10 American Artists Who Don’t Sound American

Spoon's Britt Daniel at Houston's House of Blues, December 2014
Spoon's Britt Daniel at Houston's House of Blues, December 2014
Photo by Violeta Alvarez

July 4 weekend is a time to celebrate all things America. This includes barbecue, domestic beer, baseball and, perhaps most notable, music. After all, what makes Americans feel more patriotic than the right song, everything from Springsteen’s “Born in the U.S.A.” to Tom Petty's "American Girl?"

Not all American music is patriotic in tone. In fact, some of the best American music ever produced was created by bands and artists many didn’t even know were American to begin with. On that note, fire up the grill, break out the sunblock and check out ten American musicians you, at one point or other, may not have known were American at all. (Note: List is in alphabetical order.)

Look at this video. This is the most British video ever conceived. Synth-pop. Check. Shot in black and white. Check. Dour, sullen front man. Major check. Weird imagery, courtesy of the falling dominoes. You see where we’re going with this. Point being, the Bravery – for its brief run in the mid-2000s – were that band with the one big song that sounded British. Turns out the band hails from New York, and to those few who managed to stick around, the Bravery’s sophomore album, The Sun and the Moon, far outpaces its self-titled predecessor.

The Illinois outfit rose to prominence in the '70s, when American bands were borrowing from their British contemporaries, and vice versa. Not only did Cheap Trick have the look of a European band, the band’s biggest hit – 1988’s “The Flame” – was written by a pair of British songwriters and initially offered to a British singer (Elkie Brooks). The band outright admitted that “I Want You to Want Me” was a blend of metal and ABBA. To top it off, Cheap Trick front man Robin Zander was allegedly once approached to front British glam-rock band The Sweet.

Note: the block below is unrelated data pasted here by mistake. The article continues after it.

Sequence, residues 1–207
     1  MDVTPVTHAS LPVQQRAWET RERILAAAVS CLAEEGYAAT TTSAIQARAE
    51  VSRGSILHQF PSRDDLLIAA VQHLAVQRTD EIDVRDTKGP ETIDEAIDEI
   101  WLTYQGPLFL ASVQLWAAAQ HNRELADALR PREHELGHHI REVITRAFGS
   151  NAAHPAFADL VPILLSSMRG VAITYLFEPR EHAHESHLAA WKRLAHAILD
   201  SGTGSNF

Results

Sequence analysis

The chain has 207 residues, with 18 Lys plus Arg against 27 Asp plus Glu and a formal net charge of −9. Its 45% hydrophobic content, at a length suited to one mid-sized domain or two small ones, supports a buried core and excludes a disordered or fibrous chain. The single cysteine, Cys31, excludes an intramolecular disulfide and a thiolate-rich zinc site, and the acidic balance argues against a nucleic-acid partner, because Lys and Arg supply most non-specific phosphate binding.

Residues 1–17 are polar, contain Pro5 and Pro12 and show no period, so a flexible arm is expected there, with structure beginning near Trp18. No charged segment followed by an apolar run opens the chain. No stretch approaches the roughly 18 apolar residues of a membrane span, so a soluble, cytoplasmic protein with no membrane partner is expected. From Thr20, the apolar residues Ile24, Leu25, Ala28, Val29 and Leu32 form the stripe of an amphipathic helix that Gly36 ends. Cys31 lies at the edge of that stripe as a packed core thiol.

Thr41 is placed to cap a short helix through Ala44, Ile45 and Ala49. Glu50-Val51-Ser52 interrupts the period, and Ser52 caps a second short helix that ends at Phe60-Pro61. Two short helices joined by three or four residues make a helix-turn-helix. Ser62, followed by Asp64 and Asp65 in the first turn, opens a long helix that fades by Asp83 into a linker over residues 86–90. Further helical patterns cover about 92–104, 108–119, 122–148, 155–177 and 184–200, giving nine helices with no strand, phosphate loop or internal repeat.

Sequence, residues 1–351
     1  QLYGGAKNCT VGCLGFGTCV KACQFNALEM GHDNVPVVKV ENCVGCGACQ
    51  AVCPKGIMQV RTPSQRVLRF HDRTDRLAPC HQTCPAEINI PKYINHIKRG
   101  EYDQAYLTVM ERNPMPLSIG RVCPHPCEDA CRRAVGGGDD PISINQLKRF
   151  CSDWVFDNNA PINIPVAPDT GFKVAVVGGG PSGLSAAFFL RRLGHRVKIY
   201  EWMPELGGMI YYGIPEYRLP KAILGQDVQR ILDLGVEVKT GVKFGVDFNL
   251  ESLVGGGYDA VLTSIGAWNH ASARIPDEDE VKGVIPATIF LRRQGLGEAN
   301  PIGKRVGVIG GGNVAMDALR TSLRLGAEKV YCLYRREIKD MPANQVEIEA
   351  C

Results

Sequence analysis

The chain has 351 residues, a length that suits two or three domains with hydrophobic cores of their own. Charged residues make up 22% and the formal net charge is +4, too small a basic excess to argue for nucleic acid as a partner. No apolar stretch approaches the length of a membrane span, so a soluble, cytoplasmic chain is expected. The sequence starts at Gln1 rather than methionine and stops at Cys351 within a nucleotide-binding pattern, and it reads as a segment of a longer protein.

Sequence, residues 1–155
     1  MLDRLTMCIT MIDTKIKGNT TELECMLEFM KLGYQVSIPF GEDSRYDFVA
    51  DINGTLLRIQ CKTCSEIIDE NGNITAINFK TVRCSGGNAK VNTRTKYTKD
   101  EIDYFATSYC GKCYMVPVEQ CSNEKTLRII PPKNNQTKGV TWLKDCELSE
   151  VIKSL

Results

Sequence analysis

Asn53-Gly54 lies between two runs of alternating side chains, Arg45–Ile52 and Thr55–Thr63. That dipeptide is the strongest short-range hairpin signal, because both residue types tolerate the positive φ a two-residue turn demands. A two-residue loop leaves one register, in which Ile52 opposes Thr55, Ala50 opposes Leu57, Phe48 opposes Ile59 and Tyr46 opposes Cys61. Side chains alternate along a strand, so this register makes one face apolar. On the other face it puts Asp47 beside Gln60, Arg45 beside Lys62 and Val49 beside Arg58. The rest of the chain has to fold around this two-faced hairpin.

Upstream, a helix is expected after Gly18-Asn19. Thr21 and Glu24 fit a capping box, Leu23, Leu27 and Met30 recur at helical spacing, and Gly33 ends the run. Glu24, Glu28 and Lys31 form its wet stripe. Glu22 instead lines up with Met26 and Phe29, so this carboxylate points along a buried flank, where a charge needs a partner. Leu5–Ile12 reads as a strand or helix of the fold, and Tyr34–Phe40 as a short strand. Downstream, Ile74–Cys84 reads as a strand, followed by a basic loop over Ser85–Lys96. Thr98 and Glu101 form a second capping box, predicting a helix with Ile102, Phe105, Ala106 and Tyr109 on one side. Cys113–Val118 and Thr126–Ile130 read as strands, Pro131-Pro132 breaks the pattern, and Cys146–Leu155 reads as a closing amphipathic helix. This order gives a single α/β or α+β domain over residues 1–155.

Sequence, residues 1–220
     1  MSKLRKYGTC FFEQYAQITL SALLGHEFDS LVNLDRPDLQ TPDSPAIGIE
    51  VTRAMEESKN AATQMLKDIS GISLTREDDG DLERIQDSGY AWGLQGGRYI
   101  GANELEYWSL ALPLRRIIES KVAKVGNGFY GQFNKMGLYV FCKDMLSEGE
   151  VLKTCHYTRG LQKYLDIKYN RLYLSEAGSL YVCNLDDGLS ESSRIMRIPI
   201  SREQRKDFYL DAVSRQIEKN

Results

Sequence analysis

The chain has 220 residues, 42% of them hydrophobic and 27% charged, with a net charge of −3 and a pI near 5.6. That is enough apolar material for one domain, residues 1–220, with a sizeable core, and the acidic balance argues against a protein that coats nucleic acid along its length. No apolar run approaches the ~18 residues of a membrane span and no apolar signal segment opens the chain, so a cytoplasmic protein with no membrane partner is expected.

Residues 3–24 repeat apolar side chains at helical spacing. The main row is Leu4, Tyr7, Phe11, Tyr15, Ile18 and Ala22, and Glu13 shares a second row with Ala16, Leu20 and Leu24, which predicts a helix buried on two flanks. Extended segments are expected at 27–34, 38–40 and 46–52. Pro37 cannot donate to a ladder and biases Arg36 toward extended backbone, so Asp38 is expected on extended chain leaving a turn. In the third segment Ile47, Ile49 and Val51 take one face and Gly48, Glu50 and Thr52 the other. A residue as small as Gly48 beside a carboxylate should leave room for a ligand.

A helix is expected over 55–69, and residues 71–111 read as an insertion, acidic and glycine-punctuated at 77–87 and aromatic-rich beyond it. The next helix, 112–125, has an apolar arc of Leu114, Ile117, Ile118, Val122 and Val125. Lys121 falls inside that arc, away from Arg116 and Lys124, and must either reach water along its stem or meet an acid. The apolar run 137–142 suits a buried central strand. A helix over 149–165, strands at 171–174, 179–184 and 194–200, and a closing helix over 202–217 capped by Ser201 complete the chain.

The Dandy Warhols are infamous in many circles for their rivalry with The Brian Jonestown Massacre, as chronicled in the awesome rockumentary Dig (props to the Warhols; they handled that rivalry far better than did BJM front man Anton Newcombe). To others, they’re simply a solid rock band out of Portland, Oregon, one that sounds British and looks the part even more so.

Maybe it’s a Pacific Northwest thing. Like the Dandy Warhols, the Decemberists are a band that hails from Portland but that sounds like it’s from halfway around the world. Lead singer Colin Meloy is so pronounced in his lyrics, one can’t help but wonder if he’s British. Nope, dude is from Montana.

When you share a name with an international/intergovernmental organization, as Interpol does, your origins are ambiguous to begin with. Tack on the fact that you look and sound British, and you can certainly understand why many casual listeners previously had no idea that Interpol is, in fact, a New York band. Hell, a British band was even responsible for a member leaving Interpol. According to former Interpol bassist Carlos D, he elected to leave the band after checking out Coldplay on Saturday Night Live in 2008. “When Coldplay came on, I felt bored, quite frankly,” he told Bedford + Bowery after exiting. “I knew then that there was something going on with me, some kind of identity shift, really. It really troubled me."

A ton of folks didn’t know the Killers were from Las Vegas until the release of their sophomore effort, Sam’s Town, which paid tribute to their hometown and aspired to be their very own Born to Run (it succeeded to an extent, despite initial criticism from fans and critics alike). That’s mostly because the Killers’ smash debut, Hot Fuss, was a living, breathing tribute to non-American influences like the Cure, David Bowie, the Smiths, Depeche Mode and New Order. The Killers have strayed from their British influences with subsequent releases, to mixed results, but did a damn fine job paying homage to those influences with one of the best albums of 2004.

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